Thanks very much for taking the time to provide the logic behind Atto.
--- it was intended to be a small and simple replacement with fewer options offered
The concept is fine, there must certainly be a large number of people that want a simple and straightforward tool to create content with. The issue I see is that most users, be them design-aware or not, expect to find the tools that they have learned to use and that are present in other software toolbars; I sincerly cannot imagine MS removing them from their Office Suite nor Adobe from their Creative Suite.
--- or lead to the creation of inaccessible content
From my particular point of view, protectionist regimes do not tend to do any good to anyone. Knifes shouldn't be made because they lead to the killing of people or animals? It is unavoidable, there'll be always people creating content that goes against each and every rule of, let's not say good design, but at least an acceptable one. It's a known fact that many people copy and paste from Word, so now, if the editor doesn't provide the basic editing tools, even more people will start doing that routine, and we know what that means.
--- we opted not to create plugins for text size, and for font colour *** Since screen readers do not read out things like the background colour and font size
There might not be many screen readers capable of reading formats, yet, but at least ClickHear & ClickHear Mobile seem to handle variable text and highlighting color options. HAL reads font styles, though I don't know if that includes highlight color.
"Not only do screen readers differ widely from each other, but most are highly configurable."
If font size were irrelevant, screen magnifiers wouldn't be available. Truth is that many programs and screen readers include them. Take for instance:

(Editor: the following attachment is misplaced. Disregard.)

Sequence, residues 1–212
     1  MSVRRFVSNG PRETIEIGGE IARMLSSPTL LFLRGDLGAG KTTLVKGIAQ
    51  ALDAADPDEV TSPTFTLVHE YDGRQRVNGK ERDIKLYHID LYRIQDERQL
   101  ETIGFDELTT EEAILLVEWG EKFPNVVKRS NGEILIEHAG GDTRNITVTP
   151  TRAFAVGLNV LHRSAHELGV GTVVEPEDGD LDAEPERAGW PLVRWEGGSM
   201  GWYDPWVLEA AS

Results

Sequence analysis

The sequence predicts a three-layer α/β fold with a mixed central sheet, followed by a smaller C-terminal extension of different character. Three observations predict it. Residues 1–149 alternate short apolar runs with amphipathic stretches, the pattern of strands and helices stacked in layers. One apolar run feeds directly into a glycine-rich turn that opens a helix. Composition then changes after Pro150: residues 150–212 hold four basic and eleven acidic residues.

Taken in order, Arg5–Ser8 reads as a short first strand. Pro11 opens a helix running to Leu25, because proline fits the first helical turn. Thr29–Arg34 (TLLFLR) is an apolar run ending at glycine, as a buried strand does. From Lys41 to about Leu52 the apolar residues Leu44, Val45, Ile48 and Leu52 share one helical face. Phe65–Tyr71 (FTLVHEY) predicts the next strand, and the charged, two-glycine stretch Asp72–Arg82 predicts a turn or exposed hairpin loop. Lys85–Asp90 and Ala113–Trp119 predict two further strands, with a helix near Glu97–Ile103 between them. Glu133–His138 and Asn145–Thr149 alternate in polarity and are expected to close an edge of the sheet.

Regarding background color, software is being designed to deal with that. For example:
"Google ChromeVis is a Google Chrome extension that magnifies any selected text on a webpage. The magnified text is displayed inside of a separate lens and preserves the original page layout. Users can change both the lens text color and the lens background color."
Finally, let's not forget the reason behind the development of CSS and user style sheets.
"Adding back the underlines or making the fonts larger is a good start towards making the Web pages I visit more accessible to me."
--- Rather than using either of these in content, the paragraph plugin should be used to create navigable, structured content; and the bold, underline, and italic plugins should be used to add appropriate emphasis which can be picked up by a much wider range of users.
As I expressed in my previous post, color has never been meant to be discarded because of accesibility:
"Color is not used as the only visual means of conveying information."
---One of the other features which came about from the creation of Atto was the ability for individual users to select their own editor
This is definitely a great feature.
--- we've worked to create an extensive editor framework for Atto to enable you to create your own plugins
This totally contradicts the first statement: "it was intended to be a small and simple replacement with fewer options offered."
We certainly recognize and support the effort being done in each step to bring Moodle to what it is, but given the reasons provided I'd say that maybe some reconsideration could be done regarding Atto. What is the real benefit of having Atto?
Seems to me that a lot of work is being done to develop a small and simple tool only to spend a lot time and effort to develop an editor framework so people have to do more work to get the expected editing options; take for instance the following quote regarding the horizontal rule:
"I just noticed this feature was 'missing' from the new Atto editor, and was happy to find it here".
This whole Atto issue also affects other plugins, like Geshi: